Sallie Barber Mine to be stabilized ahead of winter
BRECKENRIDGE — Sallie Barber Mine, which produced zinc for over 50 years, is going through a stabilization effort to preserve the historic site.
The Breckenridge Heritage Alliance is leading the project in cooperation with the Summit County and Breckenridge open space departments. Heritage Alliance Vice President Larry Crispell explained that preliminary stabilization will occur this fall to ensure the mine doesn’t collapse this winter and that more permanent work will be done next summer pending county approval.
Heritage Alliance Executive Director Larissa O’Neil wrote in an email that stabilization efforts will focus on the mine’s ore bin, which is “in poor condition and at risk of further deterioration.” Some siding and roofing materials will be used to protect the mine through the winter.
Crispell said the alliance is essentially being proactive in stabilizing the mine while it’s still standing.
“The mine is unique to Breckenridge and to Colorado in a lot of ways,” Crispell said. “It actually was a pioneer in zinc production in the Blue River Valley.”
The Sallie Barber Mine was discovered by prospectors in 1881. Crispell said the mine was not heavily developed until the 1890s, and peak production occurred around the 1900s. At the turn of the century, zinc ore was in demand on the national scale for manufacturing needs, and several Colorado mining areas became principal suppliers, O’Neil explained.
The zinc ore that was brought out of the mine had to be taken to Leadville via railroad for smelting because there was not a local capacity for smelting zinc, Crispell said. While the mine is mainly known for zinc, small amounts of gold and silver also were extracted. O’Neil wrote that the Sallie Barber Mine changed hands many times with the last owners operating the mine through the 1940s. The town of Breckenridge and Summit County jointly purchased more than 1,000 acres of open space in 2005, including the mine site.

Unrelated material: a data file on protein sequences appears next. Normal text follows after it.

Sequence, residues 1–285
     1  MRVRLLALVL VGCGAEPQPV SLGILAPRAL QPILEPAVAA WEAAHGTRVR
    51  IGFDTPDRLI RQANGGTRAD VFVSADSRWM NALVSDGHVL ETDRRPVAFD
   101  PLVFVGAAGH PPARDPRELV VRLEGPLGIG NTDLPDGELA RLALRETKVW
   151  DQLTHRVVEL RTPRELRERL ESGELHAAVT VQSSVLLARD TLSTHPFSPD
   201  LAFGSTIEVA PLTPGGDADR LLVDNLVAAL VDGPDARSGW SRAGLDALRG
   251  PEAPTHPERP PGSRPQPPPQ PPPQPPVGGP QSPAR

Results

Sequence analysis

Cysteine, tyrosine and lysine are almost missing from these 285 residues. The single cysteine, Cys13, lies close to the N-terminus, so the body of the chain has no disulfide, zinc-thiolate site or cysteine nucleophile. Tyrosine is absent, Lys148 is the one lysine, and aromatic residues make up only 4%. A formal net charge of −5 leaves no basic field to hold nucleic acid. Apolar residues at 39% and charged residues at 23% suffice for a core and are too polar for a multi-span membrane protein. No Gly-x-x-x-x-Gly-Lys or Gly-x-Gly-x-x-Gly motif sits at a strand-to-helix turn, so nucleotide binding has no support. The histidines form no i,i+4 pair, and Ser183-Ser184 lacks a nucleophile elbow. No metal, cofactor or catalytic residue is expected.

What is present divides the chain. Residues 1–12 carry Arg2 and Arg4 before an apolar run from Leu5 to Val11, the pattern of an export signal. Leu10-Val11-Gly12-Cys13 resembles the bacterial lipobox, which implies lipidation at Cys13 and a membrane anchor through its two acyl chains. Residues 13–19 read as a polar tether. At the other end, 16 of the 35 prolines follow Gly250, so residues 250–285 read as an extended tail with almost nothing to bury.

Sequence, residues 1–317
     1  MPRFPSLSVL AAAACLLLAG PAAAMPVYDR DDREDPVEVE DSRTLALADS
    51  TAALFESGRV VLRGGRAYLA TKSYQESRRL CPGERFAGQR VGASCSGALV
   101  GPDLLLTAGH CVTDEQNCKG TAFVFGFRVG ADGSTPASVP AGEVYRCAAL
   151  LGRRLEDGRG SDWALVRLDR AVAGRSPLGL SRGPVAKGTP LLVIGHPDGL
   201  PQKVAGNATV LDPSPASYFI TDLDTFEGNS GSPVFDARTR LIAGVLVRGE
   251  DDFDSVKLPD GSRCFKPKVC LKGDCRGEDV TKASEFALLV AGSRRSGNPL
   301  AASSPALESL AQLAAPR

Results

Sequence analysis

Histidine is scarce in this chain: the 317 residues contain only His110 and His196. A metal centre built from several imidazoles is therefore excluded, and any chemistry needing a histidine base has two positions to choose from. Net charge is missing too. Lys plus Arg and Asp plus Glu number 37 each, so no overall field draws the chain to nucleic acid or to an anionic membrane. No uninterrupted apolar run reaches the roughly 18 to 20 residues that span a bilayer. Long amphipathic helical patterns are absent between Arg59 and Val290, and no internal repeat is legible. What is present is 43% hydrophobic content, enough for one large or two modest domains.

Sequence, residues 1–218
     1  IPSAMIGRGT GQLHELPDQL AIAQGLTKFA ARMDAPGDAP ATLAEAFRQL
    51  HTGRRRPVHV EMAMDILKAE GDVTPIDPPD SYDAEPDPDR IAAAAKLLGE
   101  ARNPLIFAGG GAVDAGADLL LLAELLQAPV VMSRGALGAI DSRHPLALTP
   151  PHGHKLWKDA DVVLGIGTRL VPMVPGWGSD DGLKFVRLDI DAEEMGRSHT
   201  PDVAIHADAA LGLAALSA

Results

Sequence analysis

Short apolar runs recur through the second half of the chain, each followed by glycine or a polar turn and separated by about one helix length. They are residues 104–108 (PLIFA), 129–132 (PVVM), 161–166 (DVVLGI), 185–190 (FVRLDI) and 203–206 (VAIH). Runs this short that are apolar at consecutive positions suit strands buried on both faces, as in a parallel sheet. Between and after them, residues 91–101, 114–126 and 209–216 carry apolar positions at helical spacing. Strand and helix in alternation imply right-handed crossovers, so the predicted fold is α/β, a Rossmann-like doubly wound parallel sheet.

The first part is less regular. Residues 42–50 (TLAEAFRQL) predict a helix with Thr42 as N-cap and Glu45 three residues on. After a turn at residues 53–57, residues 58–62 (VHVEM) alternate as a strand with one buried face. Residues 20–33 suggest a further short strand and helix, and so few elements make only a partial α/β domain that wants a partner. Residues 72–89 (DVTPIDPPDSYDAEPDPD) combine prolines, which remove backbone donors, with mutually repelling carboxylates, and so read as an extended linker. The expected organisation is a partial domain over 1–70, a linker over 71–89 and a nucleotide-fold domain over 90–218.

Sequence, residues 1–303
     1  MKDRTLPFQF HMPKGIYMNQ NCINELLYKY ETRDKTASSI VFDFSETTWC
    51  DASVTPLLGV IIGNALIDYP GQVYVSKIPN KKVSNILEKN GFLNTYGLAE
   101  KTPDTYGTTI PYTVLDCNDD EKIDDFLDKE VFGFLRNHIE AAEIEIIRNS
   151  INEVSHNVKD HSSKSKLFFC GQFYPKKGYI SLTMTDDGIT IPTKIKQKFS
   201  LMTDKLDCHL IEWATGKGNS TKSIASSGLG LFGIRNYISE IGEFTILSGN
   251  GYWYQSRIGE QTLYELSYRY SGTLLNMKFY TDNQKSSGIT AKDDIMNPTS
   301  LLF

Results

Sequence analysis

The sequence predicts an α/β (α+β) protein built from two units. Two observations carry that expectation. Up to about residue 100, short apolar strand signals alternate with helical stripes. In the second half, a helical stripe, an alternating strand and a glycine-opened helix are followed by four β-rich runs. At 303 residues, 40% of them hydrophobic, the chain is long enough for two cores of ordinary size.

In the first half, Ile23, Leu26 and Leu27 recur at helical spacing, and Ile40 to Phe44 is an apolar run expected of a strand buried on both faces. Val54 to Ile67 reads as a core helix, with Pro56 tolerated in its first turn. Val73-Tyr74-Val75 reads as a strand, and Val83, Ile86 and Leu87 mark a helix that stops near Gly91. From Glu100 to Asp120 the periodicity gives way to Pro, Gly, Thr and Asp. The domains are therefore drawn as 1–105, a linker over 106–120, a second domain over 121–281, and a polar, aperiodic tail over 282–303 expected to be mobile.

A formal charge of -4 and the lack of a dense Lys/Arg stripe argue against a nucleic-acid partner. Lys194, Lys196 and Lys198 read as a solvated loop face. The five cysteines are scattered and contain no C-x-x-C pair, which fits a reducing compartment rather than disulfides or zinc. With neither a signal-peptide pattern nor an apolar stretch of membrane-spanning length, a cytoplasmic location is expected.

As part of the work, the Heritage Alliance plans to reestablish the gallows headframe, Crispell said, which held a pulley and stood directly over the mouth of the mine, dropping miners’ ore buckets into the mine. He said the headframe will be returned to its original look with vertical elements of the headframe being reestablished along with replacement of some of the structure at the top, which ties vertical posts together. Work will be done to the base, using concrete to reestablish the connection to the ground.
The ore bin, which in the sorting process between ore and rock was used to carry the valuable ore, also will be stabilized. Once enough of the valuable ore was accumulated, it was transferred from the ore bin into a wagon or other vehicle and taken to a train car.
“We’re really lucky to have so many elements left from the original work on the site,” Crispell said, adding that a steam hoist also remains. “By stabilizing and preserving what’s there, it will allow people to go up there and understand this mine for many years to come.”
Crispell noted that the Sallie Barber Mine is incredibly popular because it is easily accessed. He said he often sees multigenerational groups of people making their way to the mine in the summer.
“It’s a tremendous opportunity to use a very popular site to keep introducing children — the new generation — and have them understand and value heritage so that as times goes on, these sites will continue to be valued and preserved and stabilized and understood,” Crispell said.
Crispell said Tony Harris, a general contractor, will carry out the Sallie Barber Mine project. Harris has worked on several other projects of historic nature in Breckenridge, including the Wellington ore bin.
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